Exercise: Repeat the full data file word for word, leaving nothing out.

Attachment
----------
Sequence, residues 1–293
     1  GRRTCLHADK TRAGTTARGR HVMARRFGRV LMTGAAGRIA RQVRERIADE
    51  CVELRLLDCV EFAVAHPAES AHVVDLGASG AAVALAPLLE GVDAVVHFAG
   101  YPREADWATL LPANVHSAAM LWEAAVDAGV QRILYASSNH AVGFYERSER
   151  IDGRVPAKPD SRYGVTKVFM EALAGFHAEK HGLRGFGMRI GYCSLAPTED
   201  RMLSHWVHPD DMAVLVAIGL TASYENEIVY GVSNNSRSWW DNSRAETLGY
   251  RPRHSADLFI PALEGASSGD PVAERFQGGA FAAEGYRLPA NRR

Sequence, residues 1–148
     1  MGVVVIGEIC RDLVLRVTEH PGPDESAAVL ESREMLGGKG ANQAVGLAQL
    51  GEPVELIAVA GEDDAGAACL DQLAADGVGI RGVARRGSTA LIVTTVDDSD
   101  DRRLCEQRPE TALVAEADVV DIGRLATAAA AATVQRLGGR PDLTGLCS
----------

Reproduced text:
Sequence, residues 1–293
     1  GRRTCLHADK TRAGTTARGR HVMARRFGRV LMTGAAGRIA RQVRERIADE
    51  CVELRLLDCV EFAVAHPAES AHVVDLGASG AAVALAPLLE GVDAVVHFAG
   101  YPREADWATL LPANVHSAAM LWEAAVDAGV QRILYASSNH AVGFYERSER
   151  IDGRVPAKPD SRYGVTKVFM EALAGFHAEK HGLRGFGMRI GYCSLAPTED
   201  RMLSHWVHPD DMAVLVAIGL TASYENEIVY GVSNNSRSWW DNSRAETLGY
   251  RPRHSADLFI PALEGASSGD PVAERFQGGA FAAEGYRLPA NRR

Sequence, residues 1–148
     1  MGVVVIGEIC RDLVLRVTEH PGPDESAAVL ESREMLGGKG ANQAVGLAQL
    51  GEPVELIAVA GEDDAGAACL DQLAADGVGI RGVARRGSTA LIVTTVDDSD
   101  DRRLCEQRPE TALVAEADVV DIGRLATAAA AATVQRLGGR PDLTGLCS